Role of acetyl coenzyme a synthesis and breakdown in alternative carbon source utilization in candida albicans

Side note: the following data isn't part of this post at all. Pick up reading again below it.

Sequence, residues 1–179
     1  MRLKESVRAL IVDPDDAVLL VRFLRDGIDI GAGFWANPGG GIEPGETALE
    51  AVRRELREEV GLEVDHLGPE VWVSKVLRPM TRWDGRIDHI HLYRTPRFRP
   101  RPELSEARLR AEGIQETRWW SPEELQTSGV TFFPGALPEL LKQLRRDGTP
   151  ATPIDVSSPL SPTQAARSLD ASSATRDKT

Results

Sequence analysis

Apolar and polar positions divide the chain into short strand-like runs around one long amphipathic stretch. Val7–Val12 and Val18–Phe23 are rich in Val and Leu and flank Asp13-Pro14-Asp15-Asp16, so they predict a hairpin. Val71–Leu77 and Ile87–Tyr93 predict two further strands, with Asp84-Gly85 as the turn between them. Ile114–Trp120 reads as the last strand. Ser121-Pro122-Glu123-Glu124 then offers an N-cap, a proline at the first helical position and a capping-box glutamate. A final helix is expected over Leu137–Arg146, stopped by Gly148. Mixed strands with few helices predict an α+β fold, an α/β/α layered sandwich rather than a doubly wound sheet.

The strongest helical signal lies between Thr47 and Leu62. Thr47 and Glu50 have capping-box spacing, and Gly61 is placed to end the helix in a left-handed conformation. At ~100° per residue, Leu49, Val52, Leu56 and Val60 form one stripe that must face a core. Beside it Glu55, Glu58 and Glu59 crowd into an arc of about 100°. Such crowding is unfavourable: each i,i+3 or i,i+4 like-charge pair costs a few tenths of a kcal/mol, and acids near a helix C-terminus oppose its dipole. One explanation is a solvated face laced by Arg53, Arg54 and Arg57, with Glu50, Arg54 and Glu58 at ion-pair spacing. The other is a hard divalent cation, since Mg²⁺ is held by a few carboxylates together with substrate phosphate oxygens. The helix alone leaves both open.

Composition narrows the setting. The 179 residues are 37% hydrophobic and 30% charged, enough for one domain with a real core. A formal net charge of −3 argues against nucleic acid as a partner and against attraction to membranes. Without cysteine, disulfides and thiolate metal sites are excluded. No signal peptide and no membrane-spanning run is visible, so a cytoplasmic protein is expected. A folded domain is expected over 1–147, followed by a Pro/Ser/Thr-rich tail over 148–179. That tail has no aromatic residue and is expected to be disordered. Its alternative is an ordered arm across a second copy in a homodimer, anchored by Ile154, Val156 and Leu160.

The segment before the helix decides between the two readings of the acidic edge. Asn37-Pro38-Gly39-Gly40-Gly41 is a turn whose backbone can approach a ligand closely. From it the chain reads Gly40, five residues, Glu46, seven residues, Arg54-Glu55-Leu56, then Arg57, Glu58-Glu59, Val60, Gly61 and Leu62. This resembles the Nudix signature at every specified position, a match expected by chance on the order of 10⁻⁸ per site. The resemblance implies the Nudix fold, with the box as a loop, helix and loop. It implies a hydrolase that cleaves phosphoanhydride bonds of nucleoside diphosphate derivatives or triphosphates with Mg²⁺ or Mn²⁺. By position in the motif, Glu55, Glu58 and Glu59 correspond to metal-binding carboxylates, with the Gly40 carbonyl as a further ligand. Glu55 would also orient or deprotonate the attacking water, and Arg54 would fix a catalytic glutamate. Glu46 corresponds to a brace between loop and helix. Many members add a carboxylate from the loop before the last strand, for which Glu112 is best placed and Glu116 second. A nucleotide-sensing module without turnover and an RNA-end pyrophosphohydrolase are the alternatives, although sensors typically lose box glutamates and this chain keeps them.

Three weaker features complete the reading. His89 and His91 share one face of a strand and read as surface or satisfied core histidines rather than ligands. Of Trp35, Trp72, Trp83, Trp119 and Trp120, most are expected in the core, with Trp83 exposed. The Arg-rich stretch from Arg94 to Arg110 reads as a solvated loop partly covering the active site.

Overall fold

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Acetyl coenzyme A (acetyl-CoA) is the central intermediate of the pathways required to metabolize nonfermentable carbon sources. Three such pathways, i.e., gluconeogenesis, the glyoxylate cycle, and β-oxidation, are required for full virulence in the fungal pathogen Candida albicans. These processes are compartmentalized in the cytosol, mitochondria, and peroxosomes, necessitating transport of intermediates across intracellular membranes. Acetyl-CoA is trafficked in the form of acetate by the carnitine shuttle, and we hypothesized that the enzymes that convert acetyl-CoA to/from acetate, i.e., acetyl-CoA hydrolase (ACH1) and acetyl-CoA synthetase (ACS1 and ACS2), would regulate alternative carbon utilization and virulence. We show that C. albicans strains depleted for ACS2 are unviable in the presence of most carbon sources, including glucose, acetate, and ethanol; these strains metabolize only fatty acids and glycerol, a substantially more severe phenotype than that of Saccharomyces cerevisiae acs2 mutants. In contrast, deletion of ACS1 confers no phenotype, though it is highly induced in the presence of fatty acids, perhaps explaining why acs2 mutants can utilize fatty acids. Strains lacking ACH1 have a mild growth defect on some carbon sources but are fully virulent in a mouse model of disseminated candidiasis. Both ACH1 and ACS2 complement mutations in their S. cerevisiae homolog. Together, these results show that acetyl-CoA metabolism and transport are critical for growth of C. albicans on a wide variety of nutrients. Furthermore, the phenotypic differences between mutations in these highly conserved genes in S. cerevisiae and C. albicans support recent findings that significant functional divergence exists even in fundamental metabolic pathways between these related yeasts.

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